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The Netherlands offers around 31 million sq m of retail space and over 238,000 retail outlets, which comes down to roughly 1.8 sq m of retail space per inhabitant. Currently, the traditional hierarchical structure of central and supporting shopping areas is increasingly being replaced by a market structure with fun, run and goal shopping areas. The Dutch retail market also shows a concentration trend: demand is focusing on prime retail space, particularly in high streets of the G4 cities (Amsterdam, Rotterdam, The Hague and Utrecht). Amsterdam is the main target, particularly for luxury retailers. The pressure on the prime segment is intense, due to a relatively limited supply of this type of retail property and continuing demand from foreign retail chains. Currently, prime retail locations are also shrinking, i.e. becoming more concentrated, which results in the largest cities in an upward pressure on the prime rents. High street Kalverstraat in Amsterdam has witnessed an increase of the prime rent already in 2015 and again in 2016. The prime rent in the other 'big three' (Rotterdam, Utrecht, The Hague) remained stable for several years. However, in H2 2016 The Hague witnessed an increase of the prime rent, due to redevelopment project Nieuwe Haagse Passage. Q1 2017 has shown an increase of the prime rents also in the high streets of Utrecht, Rotterdam and also in Maastricht. Generally, the gap between prime and secondary shopping locations is widening in the Netherlands. This also applies to the gap between strong and weaker shopping cities (polarisation).

Also during the crisis years, the Netherlands has remained an important market for international retailers and has attracted many new retailers. In general retailers consider the Netherlands a perfect place for testing formulas and products: with a massive stock of retail space and short distances, the competition among retailers is fierce. As such, being successful in the Netherlands means a lot. Speaking of success: due to the crisis and changing consumer behaviour several retailers in particularly the middle-segment went bankrupt, particularly in the branches clothing and shoes. These retailers were not able to adapt to the wishes of demanding consumers (a tip-top performance on the field of clicks & bricks, offering experience and full service) and often they lacked a clear profile. The iconic Dutch department store V&D went bankrupt for the same reasons. By contrast the discount sector is flourishing and many new discount stores were opened in the last few years. Also new discounters have entered the market, such as Kik and Tedi.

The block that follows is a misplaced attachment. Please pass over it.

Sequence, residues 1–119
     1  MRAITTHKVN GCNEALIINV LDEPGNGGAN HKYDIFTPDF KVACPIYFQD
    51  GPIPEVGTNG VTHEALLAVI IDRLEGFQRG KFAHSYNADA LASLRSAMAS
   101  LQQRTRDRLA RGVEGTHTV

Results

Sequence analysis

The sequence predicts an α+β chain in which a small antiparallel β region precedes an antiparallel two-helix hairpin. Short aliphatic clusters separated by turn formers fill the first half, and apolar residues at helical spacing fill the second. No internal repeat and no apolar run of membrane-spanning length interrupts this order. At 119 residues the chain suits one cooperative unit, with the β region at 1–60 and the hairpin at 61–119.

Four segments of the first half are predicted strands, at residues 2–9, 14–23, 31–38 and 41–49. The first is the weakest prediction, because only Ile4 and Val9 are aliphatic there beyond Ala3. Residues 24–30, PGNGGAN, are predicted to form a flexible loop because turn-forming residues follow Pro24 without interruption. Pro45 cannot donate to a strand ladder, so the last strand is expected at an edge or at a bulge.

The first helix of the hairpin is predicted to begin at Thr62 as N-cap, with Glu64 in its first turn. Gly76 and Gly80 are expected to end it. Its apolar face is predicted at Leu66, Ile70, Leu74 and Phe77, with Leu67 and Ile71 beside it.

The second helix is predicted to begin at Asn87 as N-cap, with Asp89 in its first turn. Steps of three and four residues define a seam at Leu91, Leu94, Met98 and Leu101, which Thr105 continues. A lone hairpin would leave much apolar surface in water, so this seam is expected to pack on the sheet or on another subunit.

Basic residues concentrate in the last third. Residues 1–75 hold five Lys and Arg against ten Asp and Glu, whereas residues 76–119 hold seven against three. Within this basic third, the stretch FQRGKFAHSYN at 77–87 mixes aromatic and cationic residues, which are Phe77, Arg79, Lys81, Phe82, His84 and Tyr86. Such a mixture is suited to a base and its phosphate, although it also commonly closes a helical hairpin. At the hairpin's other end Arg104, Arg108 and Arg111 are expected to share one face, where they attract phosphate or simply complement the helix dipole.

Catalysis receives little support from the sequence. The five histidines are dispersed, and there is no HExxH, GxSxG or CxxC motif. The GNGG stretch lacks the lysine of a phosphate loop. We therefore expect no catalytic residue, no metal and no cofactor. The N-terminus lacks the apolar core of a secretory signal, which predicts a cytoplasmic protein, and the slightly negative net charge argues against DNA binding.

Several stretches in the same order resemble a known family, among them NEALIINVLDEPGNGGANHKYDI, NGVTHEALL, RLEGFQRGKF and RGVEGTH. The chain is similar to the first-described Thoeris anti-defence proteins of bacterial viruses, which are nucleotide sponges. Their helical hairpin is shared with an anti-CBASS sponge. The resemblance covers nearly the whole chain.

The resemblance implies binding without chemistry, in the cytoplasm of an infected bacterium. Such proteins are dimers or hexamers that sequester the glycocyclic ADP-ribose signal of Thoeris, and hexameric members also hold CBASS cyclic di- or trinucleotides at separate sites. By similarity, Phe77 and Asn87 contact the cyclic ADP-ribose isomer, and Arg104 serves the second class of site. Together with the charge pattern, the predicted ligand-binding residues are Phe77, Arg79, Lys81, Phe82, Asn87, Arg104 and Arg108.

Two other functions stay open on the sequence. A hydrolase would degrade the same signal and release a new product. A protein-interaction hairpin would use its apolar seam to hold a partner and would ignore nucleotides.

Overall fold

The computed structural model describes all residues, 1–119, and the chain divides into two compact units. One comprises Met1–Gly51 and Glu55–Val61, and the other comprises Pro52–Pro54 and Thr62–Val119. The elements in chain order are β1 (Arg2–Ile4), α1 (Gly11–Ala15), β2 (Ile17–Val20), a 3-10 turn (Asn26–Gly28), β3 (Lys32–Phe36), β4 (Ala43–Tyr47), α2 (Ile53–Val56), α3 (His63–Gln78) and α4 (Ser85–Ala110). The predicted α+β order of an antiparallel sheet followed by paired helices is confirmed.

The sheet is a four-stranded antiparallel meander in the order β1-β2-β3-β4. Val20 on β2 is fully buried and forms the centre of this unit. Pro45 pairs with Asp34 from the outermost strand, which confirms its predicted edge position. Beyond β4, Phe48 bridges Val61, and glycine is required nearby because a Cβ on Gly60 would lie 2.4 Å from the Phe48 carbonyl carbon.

Regarding the retail pipeline, the crisis has forced municipalities to cancel or postpone many plans. Redevelopment has become a priority, rather than extension. Today municipalities are focusing on plans contributing most to the city's image of shopping city. Keywords are sustainability, attractiveness and quality. Particularly the G4 cities and large provincial cities are reinforcing the city centre. Examples are the redevelopment of Hoog Catharijne shopping centre in Utrecht and the new scheme Forum in Rotterdam. Another important project is the redevelopment of shopping centre Leidsenhage or ‘Mall of the Netherlands’ in Leidschendam-Voorburg, which will also be extended with 38,000 sq m. As has been mentioned above, the new extension of Haagse Passage in The Hague city centre (Nieuwe Haagse Passage) proves to be successful and has even resulted in a rise of the prime rent. Municipalities are also trying to create larger units to meet demand from international retail chains, often by means of redevelopment and/or merging of smaller units.

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